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'Live with Dan Abrams' for Sept. 25

Read the transcript to the Tuesday show

Guests: Joan Walsh, Ken Silverstein, Michael Crowley, John Ridley, Steve Adubato, Stephen A. Smith, Susan Filan, Eric Newmark

DAN ABRAMS, HOST:  Today, Iranian president Mahmoud Ahmadinejad continued his American instigation tour at the U.N.  As numerous Western nations spoke out against Iran‘s nuclear program, Ahmadinejad declared the issue closed, saying they would continue uranium enrichment, and consequently, solidified his nation‘s status as an international outlaw.

He and President Bush went head to head.


GEORGE WALKER BUSH, PRESIDENT OF THE UNITED STATES:  Every civilized nation also has a responsibility to stand up for the people suffering under dictatorship.  In Belarus, North Korea, Syria and Iran, brutal regimes deny their people the fundamental rights enshrined in the Universal Declaration.


Unfortunately, we‘re witnessing the bitter truth that some powers do not value any nation or human being, and the only things that matter to them are themselves, their political parties and their groups.  In their view, human rights are tantamount to profits (ph).


ABRAMS:  But the war of words at the U.N. is really just that, verbal jousting.  Far more dangerous is a new report in “Harper‘s” magazine, one of many this year citing sources who warn, quote, “It looks like a military strike is in the works.”  And once again, that talk leads to another formal denial from U.S. officials.  This time, chief of Centcom Admiral William Fallon said, “This constant drumbeat of conflict is what strikes me, which is not helpful and not useful.  I expect that there will be no war, and that is what we ought to be working for.”

But then today, a striking development in the U.S. Senate, a new debate over the war in Iraq, specifically an amendment that some Democrats say would pave the way for a war with Iran?


SEN. JIM WEBB (D), VIRGINIA:  This proposal, Mr. President, is Dick Cheney‘s fondest pipe dream.  It‘s not a prescription for success.  At best, it‘s a deliberate attempt to divert attention from a failed diplomatic policy.  At worst, it‘s could be read as a back-door method of gaining congressional validation for military action without one hearing and without serious debate.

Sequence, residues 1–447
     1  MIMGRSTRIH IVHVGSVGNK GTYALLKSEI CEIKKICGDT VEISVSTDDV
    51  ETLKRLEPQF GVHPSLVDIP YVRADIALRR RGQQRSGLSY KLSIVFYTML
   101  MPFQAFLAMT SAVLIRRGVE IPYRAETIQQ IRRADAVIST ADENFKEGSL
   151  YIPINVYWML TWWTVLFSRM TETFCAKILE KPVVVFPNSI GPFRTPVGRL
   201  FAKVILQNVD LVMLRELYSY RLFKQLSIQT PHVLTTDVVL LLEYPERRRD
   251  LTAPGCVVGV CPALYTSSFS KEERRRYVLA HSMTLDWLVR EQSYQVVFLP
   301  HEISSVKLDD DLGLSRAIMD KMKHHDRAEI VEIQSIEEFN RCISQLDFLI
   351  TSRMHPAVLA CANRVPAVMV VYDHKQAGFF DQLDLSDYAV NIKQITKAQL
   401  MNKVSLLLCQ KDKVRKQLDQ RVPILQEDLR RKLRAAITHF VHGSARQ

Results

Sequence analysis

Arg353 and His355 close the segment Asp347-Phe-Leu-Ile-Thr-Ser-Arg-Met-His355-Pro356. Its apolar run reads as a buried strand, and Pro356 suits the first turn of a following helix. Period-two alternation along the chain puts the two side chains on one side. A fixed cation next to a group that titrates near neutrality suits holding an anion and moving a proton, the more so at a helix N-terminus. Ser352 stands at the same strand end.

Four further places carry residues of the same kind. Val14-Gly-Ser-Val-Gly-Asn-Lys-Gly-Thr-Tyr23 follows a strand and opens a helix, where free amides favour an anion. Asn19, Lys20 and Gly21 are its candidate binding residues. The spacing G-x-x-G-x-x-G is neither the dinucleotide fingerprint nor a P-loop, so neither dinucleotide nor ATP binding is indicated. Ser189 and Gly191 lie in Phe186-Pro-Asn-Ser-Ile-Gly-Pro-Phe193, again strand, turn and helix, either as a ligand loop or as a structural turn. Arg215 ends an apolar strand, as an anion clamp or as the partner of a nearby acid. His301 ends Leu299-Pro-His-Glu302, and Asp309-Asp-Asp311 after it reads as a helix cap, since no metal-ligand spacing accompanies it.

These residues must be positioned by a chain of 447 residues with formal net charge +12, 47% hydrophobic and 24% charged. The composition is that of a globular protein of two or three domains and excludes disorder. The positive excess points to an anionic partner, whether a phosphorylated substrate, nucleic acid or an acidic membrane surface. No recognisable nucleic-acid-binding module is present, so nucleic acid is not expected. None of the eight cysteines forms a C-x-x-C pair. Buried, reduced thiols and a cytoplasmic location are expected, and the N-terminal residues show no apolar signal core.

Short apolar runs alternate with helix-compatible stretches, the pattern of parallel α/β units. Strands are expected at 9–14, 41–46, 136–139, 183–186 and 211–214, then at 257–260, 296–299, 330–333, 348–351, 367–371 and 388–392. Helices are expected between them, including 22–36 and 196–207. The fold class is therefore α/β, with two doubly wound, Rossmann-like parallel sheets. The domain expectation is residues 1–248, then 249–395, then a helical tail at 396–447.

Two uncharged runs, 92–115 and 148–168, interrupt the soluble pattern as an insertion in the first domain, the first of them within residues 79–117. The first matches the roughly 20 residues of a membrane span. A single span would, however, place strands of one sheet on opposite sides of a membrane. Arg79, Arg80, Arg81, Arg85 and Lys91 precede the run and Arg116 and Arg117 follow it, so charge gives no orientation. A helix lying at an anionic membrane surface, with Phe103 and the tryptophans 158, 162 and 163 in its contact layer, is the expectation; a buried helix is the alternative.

ABRAMS:  Wow!  My take.  Why do we keeping hearing about a war with Iran?  Is it really possible that we‘re already plotting that war?  Could this administration and this country, still reeling from the disaster in Iraq, even contemplate another preemptive war in the Middle East?

It‘s hard to believe, and if you believe the administration and military officials, it‘s just not true.  But even if it‘s not true, somebody is still leaking the information.  Is it to scare Iran into submission?  If so, then that‘s been totally ineffective so far.  Or could it be something far more insidious, an effort to scare the American public, a strategy to keep voters on their toes, which inevitably seems to help the GOP?

I‘m not sure, but I am positive that somebody is lying.  I want to know why.  Joining me now is the writer of that “Harper‘s” piece, Ken Silverstein, Washington editor for “Harper‘s” magazine, Joan Walsh, editor-in-chief of, and MSNBC political analyst Pat Buchanan.  All right.  Thanks to all of you for coming on.  Appreciate it.

Ken, interesting piece that you‘ve got there, and you seem somewhat convinced, based on your sources, that a war with Iran is a real possibility.